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Oman: Naming prime minister is not easy, says minister

Law in place to decide on successor to Sultan, minister says

  • By Sunil K. Vaidya, Bureau Chief
  • Published: 13:27 July 25, 2013
  • Gulf News

Muscat: Oman’s Minister Responsible for Foreign Affairs, Yousuf Bin Alawi Bin Abdullah, has hinted that appointing a prime minister in the country was a complex issue and at the same assured that a mechanism was in place to name successor to the current leader as and when the need arises.

Interacting with the board members of the Oman Journalist Association (OJA) on Monday at the Diplomatic Club, Yousuf Bin Alawi said that appointing a prime minister in Oman was not as easy as people thought.

“Who will you appoint? Someone from the royal family or a tribal leader?” he countered in reply to a question posed by one of the OJA office-bearer.

Only once, in early seventies, Oman had a prime minister in Sayyid Tareq Bin Tamiour, the Sultan’s uncle. After him, Sultan Qaboos Bin Saeed has held the position of the prime minister and chairs all meetings of the Council of Ministers.

The Omani leader is also in charge of the portfolio of defence, finance and foreign affairs. He also serves as the supreme commander of the armed forces. Yousuf Bin Alawi also said that once a prime minister is named all the responsibilities would fall on him and people would hold him responsible for any governing mistakes.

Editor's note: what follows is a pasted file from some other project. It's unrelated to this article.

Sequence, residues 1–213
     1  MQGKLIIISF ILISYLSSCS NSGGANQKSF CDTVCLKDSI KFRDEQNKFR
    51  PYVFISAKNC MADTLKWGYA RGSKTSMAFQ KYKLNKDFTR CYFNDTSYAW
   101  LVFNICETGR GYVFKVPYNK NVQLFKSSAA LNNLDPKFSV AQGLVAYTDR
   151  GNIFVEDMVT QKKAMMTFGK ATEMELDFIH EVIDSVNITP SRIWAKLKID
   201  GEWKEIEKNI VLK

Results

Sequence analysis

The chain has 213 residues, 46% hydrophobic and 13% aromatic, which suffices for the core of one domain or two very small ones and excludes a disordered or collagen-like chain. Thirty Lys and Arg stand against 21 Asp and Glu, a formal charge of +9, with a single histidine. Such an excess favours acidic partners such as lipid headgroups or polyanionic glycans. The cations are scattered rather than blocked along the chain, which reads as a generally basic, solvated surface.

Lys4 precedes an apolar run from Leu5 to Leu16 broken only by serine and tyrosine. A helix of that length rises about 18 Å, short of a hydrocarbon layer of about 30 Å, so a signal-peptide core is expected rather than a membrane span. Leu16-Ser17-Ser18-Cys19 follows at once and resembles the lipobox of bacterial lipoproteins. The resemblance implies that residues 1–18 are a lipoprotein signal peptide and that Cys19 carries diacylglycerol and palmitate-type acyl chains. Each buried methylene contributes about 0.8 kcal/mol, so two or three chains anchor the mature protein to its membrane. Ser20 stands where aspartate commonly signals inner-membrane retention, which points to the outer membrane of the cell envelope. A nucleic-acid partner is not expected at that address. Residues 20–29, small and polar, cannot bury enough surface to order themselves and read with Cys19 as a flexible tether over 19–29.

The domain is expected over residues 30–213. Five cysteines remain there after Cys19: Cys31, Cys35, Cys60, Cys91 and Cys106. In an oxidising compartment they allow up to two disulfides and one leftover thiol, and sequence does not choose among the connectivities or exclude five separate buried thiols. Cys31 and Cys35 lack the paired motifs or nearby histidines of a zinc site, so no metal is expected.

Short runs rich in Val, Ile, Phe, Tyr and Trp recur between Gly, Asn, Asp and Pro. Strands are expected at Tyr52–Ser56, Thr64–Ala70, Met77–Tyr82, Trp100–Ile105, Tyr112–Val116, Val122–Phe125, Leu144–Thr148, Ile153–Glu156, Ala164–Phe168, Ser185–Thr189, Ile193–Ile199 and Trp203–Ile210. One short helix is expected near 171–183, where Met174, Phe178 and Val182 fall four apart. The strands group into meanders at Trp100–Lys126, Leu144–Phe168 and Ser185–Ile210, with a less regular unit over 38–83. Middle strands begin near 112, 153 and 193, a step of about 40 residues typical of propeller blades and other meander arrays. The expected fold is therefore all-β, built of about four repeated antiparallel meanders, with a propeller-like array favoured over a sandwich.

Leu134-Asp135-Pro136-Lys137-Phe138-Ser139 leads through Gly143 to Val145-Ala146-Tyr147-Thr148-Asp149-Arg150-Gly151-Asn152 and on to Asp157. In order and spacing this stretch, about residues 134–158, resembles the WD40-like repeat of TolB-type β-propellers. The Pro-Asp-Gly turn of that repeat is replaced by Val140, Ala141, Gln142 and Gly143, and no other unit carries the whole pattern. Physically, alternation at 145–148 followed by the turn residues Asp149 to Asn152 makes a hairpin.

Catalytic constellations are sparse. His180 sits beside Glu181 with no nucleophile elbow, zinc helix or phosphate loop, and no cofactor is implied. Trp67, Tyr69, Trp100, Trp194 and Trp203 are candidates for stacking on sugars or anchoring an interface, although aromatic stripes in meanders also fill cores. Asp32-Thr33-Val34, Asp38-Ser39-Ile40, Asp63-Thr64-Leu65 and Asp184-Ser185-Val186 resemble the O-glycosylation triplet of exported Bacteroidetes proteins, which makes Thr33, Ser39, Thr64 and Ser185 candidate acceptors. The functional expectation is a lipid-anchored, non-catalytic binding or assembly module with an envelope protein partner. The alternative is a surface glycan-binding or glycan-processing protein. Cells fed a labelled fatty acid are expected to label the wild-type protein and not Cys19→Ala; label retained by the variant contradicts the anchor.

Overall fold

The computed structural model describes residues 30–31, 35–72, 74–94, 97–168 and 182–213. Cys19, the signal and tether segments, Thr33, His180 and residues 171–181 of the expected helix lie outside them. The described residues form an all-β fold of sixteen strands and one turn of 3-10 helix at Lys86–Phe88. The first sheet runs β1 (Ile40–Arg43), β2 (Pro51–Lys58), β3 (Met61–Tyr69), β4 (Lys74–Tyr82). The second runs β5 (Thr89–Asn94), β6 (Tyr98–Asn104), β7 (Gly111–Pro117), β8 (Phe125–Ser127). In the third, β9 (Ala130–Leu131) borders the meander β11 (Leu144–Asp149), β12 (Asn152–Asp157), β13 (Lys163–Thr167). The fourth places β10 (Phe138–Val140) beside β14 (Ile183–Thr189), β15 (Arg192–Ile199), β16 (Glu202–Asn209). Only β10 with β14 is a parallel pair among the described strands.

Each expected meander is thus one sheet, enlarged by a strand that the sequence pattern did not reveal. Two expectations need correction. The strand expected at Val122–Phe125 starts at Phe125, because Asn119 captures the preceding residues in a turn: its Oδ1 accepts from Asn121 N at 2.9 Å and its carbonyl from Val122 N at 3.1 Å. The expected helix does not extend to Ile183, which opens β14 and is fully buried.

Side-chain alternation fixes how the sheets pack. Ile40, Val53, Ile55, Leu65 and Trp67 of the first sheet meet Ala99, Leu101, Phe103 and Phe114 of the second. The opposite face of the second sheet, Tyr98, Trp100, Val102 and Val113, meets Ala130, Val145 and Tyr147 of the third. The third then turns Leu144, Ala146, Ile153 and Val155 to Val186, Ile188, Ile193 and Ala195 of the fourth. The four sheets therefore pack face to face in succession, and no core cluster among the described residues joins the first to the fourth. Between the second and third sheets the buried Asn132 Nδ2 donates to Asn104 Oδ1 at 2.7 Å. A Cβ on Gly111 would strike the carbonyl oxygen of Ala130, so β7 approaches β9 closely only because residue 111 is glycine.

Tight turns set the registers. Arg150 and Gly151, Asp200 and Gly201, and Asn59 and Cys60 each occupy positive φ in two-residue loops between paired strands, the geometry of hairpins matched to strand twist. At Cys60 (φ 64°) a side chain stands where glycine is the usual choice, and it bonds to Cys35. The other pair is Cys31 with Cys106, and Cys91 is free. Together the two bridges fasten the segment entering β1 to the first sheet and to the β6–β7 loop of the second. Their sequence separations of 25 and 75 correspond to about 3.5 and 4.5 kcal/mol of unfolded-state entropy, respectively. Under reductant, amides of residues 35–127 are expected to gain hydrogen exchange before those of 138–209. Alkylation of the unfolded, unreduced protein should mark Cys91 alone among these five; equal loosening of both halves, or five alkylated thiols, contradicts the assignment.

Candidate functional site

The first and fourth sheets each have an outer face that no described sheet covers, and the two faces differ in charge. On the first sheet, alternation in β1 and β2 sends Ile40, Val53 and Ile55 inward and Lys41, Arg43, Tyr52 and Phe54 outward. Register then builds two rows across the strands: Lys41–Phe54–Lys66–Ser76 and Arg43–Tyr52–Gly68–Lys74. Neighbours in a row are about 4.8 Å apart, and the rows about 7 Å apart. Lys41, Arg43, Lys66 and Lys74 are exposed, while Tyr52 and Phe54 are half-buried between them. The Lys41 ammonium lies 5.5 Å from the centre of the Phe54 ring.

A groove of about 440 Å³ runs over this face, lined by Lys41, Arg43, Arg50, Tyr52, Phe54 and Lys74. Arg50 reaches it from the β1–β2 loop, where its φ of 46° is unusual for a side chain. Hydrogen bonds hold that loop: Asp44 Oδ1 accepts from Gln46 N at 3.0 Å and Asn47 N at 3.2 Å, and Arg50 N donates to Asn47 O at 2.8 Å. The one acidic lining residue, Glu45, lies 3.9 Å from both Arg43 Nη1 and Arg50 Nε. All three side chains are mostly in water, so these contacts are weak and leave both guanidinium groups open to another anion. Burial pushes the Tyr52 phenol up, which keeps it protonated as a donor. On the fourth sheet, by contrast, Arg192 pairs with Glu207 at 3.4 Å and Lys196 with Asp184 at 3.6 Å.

“We have seen frequent change in prime ministers in so many countries,” he said, hinting that in Oman it was a complex question. Awadh Bin Saeed Baquwair, a veteran political analyst in Oman as well as OJA Chairman, echoed the foreign minister’s sentiments and said that it was a tough question to answer.

“We have a system now that works smoothly so why talk about changes and appointing a prime minister,” he reckons. However, in second breath he adds that no one can say about the future. “May be that can happen in Oman in future but for now we have a good system in place.”

The foreign minister also reiterated that there was no need to fear about the succession plans in Oman. “There will be no vacuum,” he assured.

In his opinion the law was in place for a mechanism that would decide the successor to Sultan Qaboos as and when the need arises. The Omani monarch made amendments to the Article VI of the Basic Law last year, giving the people’s elected representatives a place among the decision makers to decide a successor to the throne.

The Chairmen of the State and Shura Councils respectively have been added to this process of deciding a successor to the throne. The law says that the Ruling Family Council shall within three days of the throne falling vacant determine the successor to the throne.

If the Ruling Family Council does not agree on the choice of the successor to the throne, the Defence Council together with chairmen of State Council, Shura Council, Supreme Court and two of its oldest deputies, shall confirm the appointment of the person designated by the sultan in his letter to the Ruling Family Council.

He also cautioned against the rumours.

“The rumours have become a serious problem and social media fuels it further,” he pointed out, adding that this phenomenon can only be countered by truth and transparency.

When asked why Oman was not doing tit-for-tat in the case of complex visa procedure introduced by some of the European countries for Omanis?

He said: “We do not believe in that kind of policy but we have taken up the issue with the concerned European countries although the policy by these countries was common for other countries, including GCC member states.”

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